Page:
activities. She is a good friend to others and is generally helpful and cooperative in the classroom. Sarah
recently began playing softball with a recreational league. She enjoys and shows exciting skills in
drawing and other aspects of art. When asked about specific skills, Sarah reported that she was a good
softball player and friend. Sarah shows relative strength in the academic area of math.

Parent Participation:
First Contact: Date 9/2/2010

       Person Making Contact: Mrs. Teacher

       Type of Contact: ___ School Conference ____ Letter/Note _____Home Visit + Phone Call

       Purpose: Mrs. Teacher was concerned about Sarah’s difficulty in language arts activities.

       Outcome: Mrs. Student (parent) also indicated similar concern and both individuals discussed
        increasing reading activities at home.

Second Contact: Date 9/15/2010

       Person Making Contact: Mrs. Teacher

       Type of Contact: ___ School Conference ___ Letter/Note ___Home Visit + Phone Call

       Purpose: Sarah’s continued difficulty with language arts, particularly in comprehending what she
        reads.

       Outcome: Mrs. Teacher and Mrs. Student discussed possibility of referring to the problem
        solving team.
STEP 2: Initial Referral Meeting
A. Referring individual presents case
  A. Review PST Initial Form, PEP, or other info
B. As a team, complete the Intervention
   Documentation Form
  A.   Area of concern, target behavior, etc.
C. If baseline data is complete:
  A. Determine length of intervention period
D. If baseline data is not complete:
  A. Designate individual to obtain
Intervention Documentation Form
 Area of Concern – Clarify the Problem!
   Focus on only one area at a time
   Measurable! Observable!
 Specify:
    Failing Reading -> Not comprehending text -> Does not
     read fluently -> Struggles to segment and blend sounds
     in words -> DING DING DING DING!
Baseline Data: What is it?
 Snapshot of the current performance
 The “before” picture
 The comparison
 Requires some hypotheses about reason for
 academic struggle
Obtaining Baseline Data
 Examples
    DIBELS, curriculum-based measurement probes from
     intervention central, Direct Behavior Ratings
 Obtain 3 data “points”
    3 examples of the area of concern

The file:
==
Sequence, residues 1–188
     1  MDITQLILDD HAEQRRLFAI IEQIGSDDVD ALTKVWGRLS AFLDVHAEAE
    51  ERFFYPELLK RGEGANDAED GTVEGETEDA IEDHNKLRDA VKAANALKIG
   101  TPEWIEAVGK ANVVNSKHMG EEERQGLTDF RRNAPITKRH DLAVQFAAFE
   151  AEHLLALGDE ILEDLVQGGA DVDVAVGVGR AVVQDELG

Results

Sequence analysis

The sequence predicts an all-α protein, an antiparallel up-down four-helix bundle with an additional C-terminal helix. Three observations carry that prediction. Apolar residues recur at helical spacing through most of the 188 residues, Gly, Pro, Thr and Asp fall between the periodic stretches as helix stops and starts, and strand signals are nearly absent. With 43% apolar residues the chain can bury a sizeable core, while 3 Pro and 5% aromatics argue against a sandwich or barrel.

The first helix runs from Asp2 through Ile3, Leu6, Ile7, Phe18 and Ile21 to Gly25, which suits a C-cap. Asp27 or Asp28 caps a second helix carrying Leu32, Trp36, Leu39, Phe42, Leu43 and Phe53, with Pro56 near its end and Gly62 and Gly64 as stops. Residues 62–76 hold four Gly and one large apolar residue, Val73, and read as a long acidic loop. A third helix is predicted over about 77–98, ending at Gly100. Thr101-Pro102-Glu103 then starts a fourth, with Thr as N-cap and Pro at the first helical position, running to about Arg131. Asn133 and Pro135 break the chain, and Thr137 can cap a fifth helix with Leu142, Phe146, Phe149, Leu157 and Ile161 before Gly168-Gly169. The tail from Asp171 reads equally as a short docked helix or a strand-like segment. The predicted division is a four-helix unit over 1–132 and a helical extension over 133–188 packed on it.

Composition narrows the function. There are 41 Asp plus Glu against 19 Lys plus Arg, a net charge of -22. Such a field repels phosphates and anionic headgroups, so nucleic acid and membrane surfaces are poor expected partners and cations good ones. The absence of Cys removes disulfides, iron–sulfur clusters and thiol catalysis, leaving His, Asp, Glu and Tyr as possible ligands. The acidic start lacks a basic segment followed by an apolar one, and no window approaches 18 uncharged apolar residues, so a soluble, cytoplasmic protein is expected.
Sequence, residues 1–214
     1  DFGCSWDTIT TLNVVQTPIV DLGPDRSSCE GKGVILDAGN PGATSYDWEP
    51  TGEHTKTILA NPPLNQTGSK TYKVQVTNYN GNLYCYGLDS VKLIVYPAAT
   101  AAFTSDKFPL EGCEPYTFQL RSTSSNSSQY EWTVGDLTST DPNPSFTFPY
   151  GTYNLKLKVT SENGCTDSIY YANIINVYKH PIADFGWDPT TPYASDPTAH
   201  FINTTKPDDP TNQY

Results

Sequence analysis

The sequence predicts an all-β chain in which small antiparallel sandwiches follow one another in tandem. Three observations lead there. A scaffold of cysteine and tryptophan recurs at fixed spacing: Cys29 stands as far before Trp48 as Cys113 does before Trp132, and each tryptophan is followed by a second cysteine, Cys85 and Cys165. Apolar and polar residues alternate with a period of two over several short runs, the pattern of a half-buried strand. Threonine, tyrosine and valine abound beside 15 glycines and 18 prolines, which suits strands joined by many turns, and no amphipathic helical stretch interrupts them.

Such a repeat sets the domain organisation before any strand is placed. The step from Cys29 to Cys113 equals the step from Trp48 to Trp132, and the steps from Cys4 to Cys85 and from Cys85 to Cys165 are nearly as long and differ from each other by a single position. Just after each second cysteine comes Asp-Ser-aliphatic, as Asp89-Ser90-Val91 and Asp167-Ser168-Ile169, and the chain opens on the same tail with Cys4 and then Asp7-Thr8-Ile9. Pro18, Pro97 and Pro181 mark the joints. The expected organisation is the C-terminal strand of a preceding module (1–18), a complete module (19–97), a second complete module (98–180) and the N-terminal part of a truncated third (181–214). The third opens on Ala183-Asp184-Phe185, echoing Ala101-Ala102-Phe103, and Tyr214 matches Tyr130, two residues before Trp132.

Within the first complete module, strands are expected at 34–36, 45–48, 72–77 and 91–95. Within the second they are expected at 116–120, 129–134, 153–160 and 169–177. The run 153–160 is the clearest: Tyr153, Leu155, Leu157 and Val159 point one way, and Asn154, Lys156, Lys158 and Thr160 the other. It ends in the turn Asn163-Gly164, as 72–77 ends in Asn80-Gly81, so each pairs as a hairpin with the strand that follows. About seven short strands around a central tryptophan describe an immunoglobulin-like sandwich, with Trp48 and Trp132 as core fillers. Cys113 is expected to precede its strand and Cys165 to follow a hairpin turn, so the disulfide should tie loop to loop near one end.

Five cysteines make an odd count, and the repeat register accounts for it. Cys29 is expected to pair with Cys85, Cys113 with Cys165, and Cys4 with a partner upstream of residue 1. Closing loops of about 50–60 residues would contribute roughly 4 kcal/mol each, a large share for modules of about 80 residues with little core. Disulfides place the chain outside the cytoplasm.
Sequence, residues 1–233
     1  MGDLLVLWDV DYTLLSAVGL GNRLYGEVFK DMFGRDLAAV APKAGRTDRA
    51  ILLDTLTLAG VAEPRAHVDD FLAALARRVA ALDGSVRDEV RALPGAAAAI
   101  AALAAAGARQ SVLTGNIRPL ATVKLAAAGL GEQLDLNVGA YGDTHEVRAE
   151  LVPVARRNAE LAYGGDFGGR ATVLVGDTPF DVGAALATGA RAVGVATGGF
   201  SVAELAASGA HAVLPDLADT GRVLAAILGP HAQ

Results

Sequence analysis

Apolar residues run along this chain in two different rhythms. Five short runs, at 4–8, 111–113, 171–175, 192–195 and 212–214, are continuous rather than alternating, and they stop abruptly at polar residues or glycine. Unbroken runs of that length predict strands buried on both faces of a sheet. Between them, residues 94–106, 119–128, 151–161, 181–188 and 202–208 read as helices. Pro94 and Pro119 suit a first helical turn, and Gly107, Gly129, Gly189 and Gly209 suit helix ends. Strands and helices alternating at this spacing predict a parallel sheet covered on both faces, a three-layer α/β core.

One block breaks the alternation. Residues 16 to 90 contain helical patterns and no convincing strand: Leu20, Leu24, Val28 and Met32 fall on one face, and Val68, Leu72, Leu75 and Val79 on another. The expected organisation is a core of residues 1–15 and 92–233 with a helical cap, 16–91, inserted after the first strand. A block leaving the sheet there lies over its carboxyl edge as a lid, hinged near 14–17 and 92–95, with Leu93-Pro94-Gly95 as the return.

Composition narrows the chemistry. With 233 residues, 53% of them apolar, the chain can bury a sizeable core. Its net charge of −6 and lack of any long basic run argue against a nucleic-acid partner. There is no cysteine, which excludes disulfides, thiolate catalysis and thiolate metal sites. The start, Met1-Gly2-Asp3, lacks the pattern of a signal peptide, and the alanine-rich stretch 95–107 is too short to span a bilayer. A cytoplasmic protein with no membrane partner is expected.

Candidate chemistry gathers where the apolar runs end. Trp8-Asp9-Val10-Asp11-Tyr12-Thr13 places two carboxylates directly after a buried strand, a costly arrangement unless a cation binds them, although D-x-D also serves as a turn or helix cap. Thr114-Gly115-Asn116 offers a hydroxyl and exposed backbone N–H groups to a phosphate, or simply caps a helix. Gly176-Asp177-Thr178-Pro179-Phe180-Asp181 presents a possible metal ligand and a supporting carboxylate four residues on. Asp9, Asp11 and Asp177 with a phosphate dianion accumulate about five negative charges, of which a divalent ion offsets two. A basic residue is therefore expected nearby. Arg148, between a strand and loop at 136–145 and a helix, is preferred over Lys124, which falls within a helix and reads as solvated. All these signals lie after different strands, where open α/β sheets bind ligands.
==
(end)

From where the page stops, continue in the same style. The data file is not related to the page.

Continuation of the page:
 May be over the course of 3 days, 3 weeks, 3 instructional
     periods, etc.
 KEEP IN MIND!
    The method of data collection used for baseline will also
     be used for progress monitoring
                                  Intervention Documentation
Area of Concern: Be Specific (e.g. vowel sound recognition, homework completion, comprehension)

Sarah (4th grade) has difficulty comprehending grade level text. She is not able to identify main themes
and retell stories.

Interventions/Strategies Previously Attempted

More time to read passages, Rereading passages, partner reading with classmate, proximity to teacher
during oral reading.

Baseline Data: (Occurs prior to intervention)

Baseline Data Collection 1        Baseline Data Collection 2        Baseline Data Collection 3
40% accuracy answering WH         40% accuracy answering WH         60% accuracy answering WH
questions                         questions                         questions

Date: 10/1                        Date: 10/3                        Date: 10/6




Target Behavior: Specific level of mastery to be achieved

Answer WH questions with at least 80% accuracy.

Intervention Description:

Advanced Story Map – Worksheet with questions related to narrative text to help Sarah organize her
understanding of key components of the story previously read. Advanced Story Map worksheets will be
obtained from interventioncentral.org.

Frequency: 3 X per week

When: Last 10 minutes of reading block Who: Sarah reads and completes Story Map worksheet with
teacher feedback immediately following completion    Where: Classroom

Data Collection:

Method of Collection: Teacher made Who, What, Where, When, and Why question probes

Frequency: 1 X per week